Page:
“The story is essentially an ill-fated liaison between a drone and a worker bee set against the busy, colorful, frantic, sometimes harsh, often comic life of bees in the hive and surrounding fields. There are flowers, weeds, a butterfly, a cactus, an enormous queen, several drones, and scores of worker bees. [ . . . ] ‘Beehive’ plays upon the classical, and at times sexual, symbolism inherent in the pollination of beautiful flowers and the structure of a complex ‘urban’ society.”
—Unsigned letter on Beehive Project stationery
Beehive is a film and ballet developed by painter/designer Frank Moore and choreographer/dancer Jim Self from 1981 to 1987. Bees—who naturally dance to communicate—lend themselves well to performance. Moore’s scientific interest in bees and plants blended with Self’s desire to add “funk” into a dance world focused on abstraction and minimalism, resulting in entirely original imagery and movements.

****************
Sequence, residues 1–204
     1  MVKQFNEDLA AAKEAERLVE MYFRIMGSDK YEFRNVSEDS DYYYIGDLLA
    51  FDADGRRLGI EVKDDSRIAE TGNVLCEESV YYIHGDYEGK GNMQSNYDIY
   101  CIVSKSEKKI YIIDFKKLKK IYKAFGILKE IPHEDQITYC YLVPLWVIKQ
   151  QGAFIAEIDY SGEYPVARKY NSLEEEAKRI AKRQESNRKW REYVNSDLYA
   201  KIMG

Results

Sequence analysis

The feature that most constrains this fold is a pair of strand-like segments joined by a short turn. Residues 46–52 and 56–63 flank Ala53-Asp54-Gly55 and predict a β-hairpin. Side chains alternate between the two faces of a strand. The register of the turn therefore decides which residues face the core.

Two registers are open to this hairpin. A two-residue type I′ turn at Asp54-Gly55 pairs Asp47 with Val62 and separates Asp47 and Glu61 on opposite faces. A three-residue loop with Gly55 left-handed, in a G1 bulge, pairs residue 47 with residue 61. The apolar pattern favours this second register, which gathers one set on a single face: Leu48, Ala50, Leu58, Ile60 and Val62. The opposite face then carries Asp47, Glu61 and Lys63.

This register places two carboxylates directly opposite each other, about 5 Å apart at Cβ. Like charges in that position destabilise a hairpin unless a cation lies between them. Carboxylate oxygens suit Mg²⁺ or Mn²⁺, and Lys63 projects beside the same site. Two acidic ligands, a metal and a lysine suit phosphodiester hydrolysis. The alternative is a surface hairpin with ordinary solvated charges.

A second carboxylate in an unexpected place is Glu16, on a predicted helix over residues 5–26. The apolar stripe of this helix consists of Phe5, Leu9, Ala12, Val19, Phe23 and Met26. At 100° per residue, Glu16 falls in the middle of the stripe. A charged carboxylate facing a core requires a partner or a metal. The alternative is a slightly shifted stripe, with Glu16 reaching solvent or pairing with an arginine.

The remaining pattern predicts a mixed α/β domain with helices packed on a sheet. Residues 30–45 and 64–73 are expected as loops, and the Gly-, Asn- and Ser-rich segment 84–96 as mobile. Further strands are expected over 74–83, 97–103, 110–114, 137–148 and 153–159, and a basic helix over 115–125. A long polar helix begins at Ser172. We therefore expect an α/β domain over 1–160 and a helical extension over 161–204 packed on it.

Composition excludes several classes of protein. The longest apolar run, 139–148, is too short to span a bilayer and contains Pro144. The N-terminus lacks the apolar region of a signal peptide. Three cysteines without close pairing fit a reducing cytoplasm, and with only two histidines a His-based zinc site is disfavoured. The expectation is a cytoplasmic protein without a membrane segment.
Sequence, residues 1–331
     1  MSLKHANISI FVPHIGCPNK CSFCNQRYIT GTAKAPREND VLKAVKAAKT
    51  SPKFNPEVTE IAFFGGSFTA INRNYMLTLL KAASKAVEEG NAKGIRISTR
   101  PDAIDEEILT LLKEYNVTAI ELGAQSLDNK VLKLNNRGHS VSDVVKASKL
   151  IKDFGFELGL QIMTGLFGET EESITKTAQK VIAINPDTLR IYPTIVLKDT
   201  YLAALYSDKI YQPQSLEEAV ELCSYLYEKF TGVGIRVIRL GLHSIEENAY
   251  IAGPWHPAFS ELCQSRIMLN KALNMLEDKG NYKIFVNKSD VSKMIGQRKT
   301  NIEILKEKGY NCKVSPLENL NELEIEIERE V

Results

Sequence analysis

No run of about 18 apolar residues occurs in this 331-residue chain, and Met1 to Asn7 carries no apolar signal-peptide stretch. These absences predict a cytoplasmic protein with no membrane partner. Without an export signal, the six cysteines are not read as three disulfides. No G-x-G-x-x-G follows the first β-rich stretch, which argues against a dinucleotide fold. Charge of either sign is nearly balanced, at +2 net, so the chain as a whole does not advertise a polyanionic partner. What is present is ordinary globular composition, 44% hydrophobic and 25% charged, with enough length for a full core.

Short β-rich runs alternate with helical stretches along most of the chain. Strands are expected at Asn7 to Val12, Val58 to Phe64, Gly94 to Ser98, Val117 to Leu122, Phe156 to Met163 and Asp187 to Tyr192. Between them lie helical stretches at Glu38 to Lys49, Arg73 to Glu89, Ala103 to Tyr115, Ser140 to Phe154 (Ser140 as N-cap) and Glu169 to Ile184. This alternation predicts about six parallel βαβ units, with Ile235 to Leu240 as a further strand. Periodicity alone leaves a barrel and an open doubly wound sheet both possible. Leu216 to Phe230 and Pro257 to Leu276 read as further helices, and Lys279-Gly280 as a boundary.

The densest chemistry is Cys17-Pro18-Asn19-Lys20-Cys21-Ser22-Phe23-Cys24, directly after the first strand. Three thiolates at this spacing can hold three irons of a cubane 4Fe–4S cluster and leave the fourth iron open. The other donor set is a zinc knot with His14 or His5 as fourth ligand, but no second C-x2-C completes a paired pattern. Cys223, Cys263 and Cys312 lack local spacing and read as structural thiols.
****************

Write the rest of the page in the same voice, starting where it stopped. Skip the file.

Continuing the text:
Many of the drawings on view are designs for the first full stage production of the work, performed at the Centre National de Danse Contemporaine in Angers, France, in 1985. These working drawings show ideas both in early stages of development and others true to the final costumes and sets.
From the exhibition: Beauty and Bite (July 20, 2019 – January 19, 2020)